• Remember my riff about the worst possible touchdown celebration (Randy Moss pretending to give birth)? Well, a version of this idea was done a few weeks ago in an Italian soccer game -- Roma's Francesco Totti scored a goal, ran to the sidelines, stuck the ball under his jersey, then one of his teammates reached in and pulled the ball out like an obstetrician, then handed it to another teammate, who held the ball aloft (I'm paraphrasing the Euro soccer story that a few readers sent me). Apparently he did this to pay tribute to the birth of his first son, and everyone in the crowd loved it. Obviously I don't follow Italian soccer, and I swear on Al Jefferson's life that I didn't read one thing about that story after it happened. But that game happened about a week before my Randy Moss riff. I just thought that was bizarre. Even stranger, everyone in Italy apparently loved it, whereas my whole premise was that people here would be horrified. So maybe it just depends on the context and the crowd.

• Three mistakes from my NBA preview:

1. Reggie Miller can't come back this season to the Pacers because they released him under the Allan Houston Rule. My bad.

2. My joke about a reality show where Rob Babcock takes over various businesses and runs them into the ground … I already made that joke last year with Isiah Thomas, even giving a name to the show ("The Midas Touch"). I swear, when I repeat old jokes, it's not intentional -- my big mistake is that I write columns, hand them in and never think about them again. For instance, Page 2 was running "The Best of Page 2" to celebrate its five-year anniversary this week, and they reran some old Vegas column that I haven't read since I wrote it. Not only that, but I laughed at a couple of jokes that I had written because I didn't remember writing them, so I felt like I was reading someone else. Clearly, I am going insane. Might just be too much TheraFlu.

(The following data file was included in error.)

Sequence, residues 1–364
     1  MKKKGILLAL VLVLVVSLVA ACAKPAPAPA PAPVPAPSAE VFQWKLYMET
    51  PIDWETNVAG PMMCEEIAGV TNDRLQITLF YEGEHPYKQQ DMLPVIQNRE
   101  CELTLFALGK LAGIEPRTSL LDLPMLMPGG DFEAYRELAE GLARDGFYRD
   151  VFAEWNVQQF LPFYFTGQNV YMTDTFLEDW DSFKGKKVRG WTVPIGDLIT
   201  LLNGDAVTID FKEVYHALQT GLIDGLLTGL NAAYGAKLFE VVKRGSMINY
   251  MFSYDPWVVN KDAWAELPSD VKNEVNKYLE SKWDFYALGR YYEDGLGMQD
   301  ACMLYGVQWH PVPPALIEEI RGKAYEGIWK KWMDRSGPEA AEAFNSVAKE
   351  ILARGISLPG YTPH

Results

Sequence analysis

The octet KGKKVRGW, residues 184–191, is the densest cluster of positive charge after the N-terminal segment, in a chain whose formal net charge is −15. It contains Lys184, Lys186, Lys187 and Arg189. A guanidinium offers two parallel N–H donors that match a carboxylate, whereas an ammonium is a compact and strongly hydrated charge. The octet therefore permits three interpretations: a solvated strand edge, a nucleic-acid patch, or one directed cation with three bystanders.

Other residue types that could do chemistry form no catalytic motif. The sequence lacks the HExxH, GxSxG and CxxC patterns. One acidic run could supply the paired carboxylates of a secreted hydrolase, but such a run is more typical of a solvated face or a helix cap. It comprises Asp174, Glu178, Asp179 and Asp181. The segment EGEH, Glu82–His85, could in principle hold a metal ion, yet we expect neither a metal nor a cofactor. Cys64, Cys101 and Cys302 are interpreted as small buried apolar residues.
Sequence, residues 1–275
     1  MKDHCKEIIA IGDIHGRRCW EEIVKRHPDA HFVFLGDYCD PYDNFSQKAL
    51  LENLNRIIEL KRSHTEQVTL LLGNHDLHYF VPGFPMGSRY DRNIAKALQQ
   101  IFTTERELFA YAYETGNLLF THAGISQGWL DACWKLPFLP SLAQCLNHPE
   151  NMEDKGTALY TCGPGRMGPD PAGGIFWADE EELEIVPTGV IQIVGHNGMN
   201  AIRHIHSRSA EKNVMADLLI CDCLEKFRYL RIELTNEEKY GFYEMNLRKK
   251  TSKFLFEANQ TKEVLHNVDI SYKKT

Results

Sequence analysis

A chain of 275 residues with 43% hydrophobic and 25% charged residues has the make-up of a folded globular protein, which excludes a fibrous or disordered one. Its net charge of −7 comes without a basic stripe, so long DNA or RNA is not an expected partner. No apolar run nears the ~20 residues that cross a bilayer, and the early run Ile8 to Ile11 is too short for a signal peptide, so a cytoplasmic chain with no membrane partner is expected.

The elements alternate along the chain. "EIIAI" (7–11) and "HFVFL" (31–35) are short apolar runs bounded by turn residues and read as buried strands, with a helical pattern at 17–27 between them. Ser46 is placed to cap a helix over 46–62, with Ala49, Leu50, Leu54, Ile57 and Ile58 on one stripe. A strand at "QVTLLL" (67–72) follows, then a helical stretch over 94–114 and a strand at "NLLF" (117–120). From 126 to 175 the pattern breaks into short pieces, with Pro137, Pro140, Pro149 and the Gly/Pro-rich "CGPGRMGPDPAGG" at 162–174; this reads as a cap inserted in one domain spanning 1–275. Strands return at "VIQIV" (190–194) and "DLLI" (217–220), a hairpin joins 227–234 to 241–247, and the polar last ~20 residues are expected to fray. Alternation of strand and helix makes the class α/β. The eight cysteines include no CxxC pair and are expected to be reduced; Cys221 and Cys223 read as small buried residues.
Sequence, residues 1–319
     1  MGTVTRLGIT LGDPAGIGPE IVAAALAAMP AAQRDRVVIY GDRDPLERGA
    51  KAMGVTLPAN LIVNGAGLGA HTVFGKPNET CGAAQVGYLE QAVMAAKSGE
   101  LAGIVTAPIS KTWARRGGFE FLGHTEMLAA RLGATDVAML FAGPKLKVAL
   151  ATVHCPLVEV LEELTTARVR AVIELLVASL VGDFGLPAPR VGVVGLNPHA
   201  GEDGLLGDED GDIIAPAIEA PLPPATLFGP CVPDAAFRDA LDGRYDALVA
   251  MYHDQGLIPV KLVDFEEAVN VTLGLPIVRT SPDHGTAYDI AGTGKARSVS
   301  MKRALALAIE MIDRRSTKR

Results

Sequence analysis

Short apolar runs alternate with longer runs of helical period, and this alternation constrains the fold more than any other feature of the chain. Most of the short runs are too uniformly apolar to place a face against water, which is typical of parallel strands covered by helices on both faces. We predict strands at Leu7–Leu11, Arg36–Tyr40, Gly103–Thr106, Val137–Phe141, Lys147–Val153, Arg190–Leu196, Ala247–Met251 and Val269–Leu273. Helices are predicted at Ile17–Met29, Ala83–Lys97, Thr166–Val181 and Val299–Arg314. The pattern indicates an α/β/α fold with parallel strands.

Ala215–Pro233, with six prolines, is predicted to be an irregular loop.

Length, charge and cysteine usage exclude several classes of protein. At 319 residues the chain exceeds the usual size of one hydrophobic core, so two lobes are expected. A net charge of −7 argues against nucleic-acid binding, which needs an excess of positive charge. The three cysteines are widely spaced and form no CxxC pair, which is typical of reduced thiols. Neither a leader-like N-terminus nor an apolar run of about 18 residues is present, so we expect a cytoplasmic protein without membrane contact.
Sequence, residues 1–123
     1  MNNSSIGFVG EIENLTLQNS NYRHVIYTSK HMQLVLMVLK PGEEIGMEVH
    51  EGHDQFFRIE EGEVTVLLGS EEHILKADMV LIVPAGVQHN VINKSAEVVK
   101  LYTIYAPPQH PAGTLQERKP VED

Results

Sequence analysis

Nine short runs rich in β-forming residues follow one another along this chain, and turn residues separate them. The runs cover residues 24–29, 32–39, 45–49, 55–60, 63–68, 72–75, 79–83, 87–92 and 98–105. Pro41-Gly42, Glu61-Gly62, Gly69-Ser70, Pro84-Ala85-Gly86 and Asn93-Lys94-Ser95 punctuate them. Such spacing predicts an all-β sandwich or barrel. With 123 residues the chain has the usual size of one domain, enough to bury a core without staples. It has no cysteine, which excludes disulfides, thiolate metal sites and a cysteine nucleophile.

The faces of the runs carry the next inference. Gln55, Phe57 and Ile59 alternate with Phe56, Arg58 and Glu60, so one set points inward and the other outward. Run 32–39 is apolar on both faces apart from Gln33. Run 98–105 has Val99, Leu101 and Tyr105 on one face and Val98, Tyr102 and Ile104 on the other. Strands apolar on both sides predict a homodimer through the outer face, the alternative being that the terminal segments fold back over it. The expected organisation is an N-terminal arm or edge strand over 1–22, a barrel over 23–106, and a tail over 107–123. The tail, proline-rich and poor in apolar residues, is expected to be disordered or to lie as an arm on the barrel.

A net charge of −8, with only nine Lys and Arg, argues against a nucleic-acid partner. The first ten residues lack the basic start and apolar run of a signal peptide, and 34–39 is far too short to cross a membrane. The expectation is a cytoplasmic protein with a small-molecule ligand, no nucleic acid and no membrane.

3. For about two hours there, I had a section about the Mason-Magloire trade where Desmond Mason was called "Derrick." These are the things that happen when you write 10,000 words in 60 hours. I swear, I'm not going McCarver on you. I'm too young.

• One mistake from the Theo column: As many readers from Chicago have pointed out, the whole media cartel thing has already been done by the Cubs, who have had a similar deal going with the Chicago Tribune, WGN and WGN Radio for many years.

• In case you were wondering, I am firmly entrenched in the "There's no way we should trade Manny Ramirez" camp. Just look at what's happening with Paul Pierce right now -- it's always better to be prudent about these things unless someone bowls you over with an offer, and only because you're always better off keeping a guy with talent and hoping he becomes happy again over giving him away for 40 cents on the dollar. Forget about Peter May's ridiculous article in the Boston Globe, in which he used the Pierce subject to take his umpteenth shot at whoever is running the Celtics. When he's healthy and happy, Pierce is one of the best 10 players in the NBA -- just look at his stats through four games. Other than LeBron, is anyone else the best scorer, defender, rebounder and passer on his team? (And to think, I wanted them to trade Pierce the past two summers.) In Manny's case, he plays 150 games every season, nobody's more consistent at the plate, he's not a cancer or anything, and he's just as quirky as he was when they signed him five years ago. So why trade him?

And yes, I wish I trusted this current Red Sox braintrust even REMOTELY to make the right move. But I don't.

More tomorrow.

November 2005